Garbage increased in corona 20:17 on September 8th

I think that many people are tired of getting a lot of plastic trash because of the influence of the new coronavirus, which makes them refrain from eating out and ask for delivery, and the number of occasions when they cook at home increases more than usual.

There is also concern about the increase in plastic waste in the new lifestyle and the impact on local government finances.

(Keio Nakazawa, Director of Social Program, Naoya Kiri, Director of Social Program Department)

Plastic garbage that increases with corona damage

Marine pollution due to plastic waste has been highlighted as a global issue, and measures have been spreading in Japan, such as charging plastic bags from July.

On the other hand, when I interviewed the major local governments nationwide, the amount of plastic waste from homes during the four months until July was increasing sharply compared to the previous year.

The background is the new coronavirus.

It is thought that plastic garbage such as bento boxes, side dishes containers, and meat and fish trays has increased due to the influence of "nesting", which requires delivery and takeaway before eating out, and cooking at home.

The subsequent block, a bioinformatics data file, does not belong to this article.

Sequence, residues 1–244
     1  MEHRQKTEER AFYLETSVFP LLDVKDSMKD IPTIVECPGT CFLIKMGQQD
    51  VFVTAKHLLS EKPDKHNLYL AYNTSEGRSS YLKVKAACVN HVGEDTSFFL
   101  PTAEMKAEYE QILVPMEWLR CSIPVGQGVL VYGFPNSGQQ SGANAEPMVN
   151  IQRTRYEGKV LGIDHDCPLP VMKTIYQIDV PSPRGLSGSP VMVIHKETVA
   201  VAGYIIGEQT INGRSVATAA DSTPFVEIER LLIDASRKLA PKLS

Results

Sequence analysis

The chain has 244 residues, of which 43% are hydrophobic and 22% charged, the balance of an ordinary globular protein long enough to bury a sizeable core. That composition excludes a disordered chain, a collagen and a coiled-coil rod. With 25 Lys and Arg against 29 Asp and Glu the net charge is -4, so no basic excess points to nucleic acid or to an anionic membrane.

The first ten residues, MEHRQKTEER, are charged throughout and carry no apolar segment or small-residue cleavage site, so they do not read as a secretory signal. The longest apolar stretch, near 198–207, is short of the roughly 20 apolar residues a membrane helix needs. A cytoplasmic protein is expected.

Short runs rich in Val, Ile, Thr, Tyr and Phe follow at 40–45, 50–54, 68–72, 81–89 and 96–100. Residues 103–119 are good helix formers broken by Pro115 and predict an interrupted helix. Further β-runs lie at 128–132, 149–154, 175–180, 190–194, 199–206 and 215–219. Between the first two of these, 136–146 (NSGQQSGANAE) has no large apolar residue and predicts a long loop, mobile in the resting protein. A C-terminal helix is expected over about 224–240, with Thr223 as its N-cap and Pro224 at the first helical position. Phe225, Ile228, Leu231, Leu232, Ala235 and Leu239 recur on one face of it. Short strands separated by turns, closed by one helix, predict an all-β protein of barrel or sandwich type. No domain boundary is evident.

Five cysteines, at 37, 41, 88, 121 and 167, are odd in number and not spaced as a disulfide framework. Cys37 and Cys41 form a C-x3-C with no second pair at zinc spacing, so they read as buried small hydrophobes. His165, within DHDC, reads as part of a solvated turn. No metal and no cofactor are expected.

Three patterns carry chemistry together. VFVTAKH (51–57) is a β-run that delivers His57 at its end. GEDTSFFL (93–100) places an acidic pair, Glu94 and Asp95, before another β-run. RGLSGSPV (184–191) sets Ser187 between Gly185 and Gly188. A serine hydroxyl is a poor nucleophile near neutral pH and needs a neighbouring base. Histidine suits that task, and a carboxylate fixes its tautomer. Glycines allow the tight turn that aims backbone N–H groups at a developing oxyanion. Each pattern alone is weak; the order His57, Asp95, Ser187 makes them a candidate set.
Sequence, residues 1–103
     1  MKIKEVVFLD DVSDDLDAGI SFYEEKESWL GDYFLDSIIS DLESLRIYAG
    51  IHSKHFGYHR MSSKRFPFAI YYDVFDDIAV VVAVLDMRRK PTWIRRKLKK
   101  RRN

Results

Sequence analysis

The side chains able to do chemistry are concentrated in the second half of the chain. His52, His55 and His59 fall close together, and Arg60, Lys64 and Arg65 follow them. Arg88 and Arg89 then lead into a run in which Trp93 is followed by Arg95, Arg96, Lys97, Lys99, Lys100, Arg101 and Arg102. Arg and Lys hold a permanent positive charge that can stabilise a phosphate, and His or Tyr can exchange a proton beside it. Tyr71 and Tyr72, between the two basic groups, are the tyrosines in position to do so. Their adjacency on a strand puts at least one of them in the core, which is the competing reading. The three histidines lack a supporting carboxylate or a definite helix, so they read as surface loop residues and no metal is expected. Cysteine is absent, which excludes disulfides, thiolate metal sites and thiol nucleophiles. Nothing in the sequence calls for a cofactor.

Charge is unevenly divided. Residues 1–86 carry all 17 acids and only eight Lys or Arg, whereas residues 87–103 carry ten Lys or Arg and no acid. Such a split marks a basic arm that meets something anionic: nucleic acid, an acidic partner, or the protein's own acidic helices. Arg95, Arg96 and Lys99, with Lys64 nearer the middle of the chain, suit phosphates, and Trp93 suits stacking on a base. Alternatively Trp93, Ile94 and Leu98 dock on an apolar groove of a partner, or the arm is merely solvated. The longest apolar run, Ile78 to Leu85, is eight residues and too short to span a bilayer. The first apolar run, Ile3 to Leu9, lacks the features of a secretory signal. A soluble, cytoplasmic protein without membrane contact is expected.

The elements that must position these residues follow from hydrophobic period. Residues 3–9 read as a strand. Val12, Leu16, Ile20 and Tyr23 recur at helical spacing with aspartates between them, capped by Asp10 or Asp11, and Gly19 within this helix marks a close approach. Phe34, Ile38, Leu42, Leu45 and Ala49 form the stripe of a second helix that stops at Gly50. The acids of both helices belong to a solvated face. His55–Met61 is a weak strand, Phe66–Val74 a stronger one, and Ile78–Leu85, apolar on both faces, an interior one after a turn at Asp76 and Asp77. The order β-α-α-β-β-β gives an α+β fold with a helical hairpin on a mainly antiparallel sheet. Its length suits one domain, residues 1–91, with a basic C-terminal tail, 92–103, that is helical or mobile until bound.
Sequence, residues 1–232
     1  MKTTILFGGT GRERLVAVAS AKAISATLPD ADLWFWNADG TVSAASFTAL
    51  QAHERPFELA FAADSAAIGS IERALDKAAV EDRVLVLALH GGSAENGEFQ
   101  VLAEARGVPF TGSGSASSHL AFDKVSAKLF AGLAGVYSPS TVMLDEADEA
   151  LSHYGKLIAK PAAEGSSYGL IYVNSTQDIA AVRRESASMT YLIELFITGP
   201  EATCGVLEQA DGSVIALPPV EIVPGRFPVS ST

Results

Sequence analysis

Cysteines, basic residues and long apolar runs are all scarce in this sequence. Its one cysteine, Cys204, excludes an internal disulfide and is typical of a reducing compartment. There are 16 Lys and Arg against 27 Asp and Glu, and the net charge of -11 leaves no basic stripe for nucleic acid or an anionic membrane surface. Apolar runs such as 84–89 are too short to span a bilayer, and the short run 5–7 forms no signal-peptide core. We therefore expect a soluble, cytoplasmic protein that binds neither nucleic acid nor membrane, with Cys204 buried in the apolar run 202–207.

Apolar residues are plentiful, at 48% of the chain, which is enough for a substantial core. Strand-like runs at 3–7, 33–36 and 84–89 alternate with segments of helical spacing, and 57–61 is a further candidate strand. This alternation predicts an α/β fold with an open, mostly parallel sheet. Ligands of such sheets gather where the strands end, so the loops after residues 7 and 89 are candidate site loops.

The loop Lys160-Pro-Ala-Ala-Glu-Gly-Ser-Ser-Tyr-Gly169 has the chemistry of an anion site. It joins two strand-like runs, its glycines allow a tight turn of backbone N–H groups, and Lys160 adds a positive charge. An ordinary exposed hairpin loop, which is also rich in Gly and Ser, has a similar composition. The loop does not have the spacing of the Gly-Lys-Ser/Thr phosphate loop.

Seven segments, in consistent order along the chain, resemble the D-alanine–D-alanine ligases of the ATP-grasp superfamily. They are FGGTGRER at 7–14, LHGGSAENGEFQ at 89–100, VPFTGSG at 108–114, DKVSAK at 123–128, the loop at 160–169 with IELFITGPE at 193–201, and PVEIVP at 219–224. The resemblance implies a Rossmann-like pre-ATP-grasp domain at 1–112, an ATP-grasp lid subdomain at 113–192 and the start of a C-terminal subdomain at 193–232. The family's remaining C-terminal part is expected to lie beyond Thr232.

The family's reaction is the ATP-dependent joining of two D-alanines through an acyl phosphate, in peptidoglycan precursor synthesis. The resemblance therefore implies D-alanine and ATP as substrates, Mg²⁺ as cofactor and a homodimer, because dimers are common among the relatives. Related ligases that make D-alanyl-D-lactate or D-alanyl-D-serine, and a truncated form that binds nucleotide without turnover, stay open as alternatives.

When I talk to a woman in her 50s who says she keeps a lifestyle where she doesn't use plastic as much as possible, such as carrying around my bag.

There are more and more opportunities to use online shopping and food delivery, and one day the plastic waste of four family members can fill up a garbage bag of 35 liters.

He also said that he felt that it was burdensome to wash plastic containers in order to have them collected.

Due to the rapid increase in plastic waste, garbage disposal facilities are also being rushed to respond.

At the treatment facility in Nagoya city, from around March when infection with the new coronavirus spread, the amount of plastic waste that had been flat until now has increased unprecedentedly, and we have been forced to extend the operation time. It was

"Need option not to buy plastic"

According to UNEP = United Nations Environment Program, Japan has the second highest plastic waste per capita after the United States.

It is not uncommon for Japanese products to be pointed out to have excessive packaging.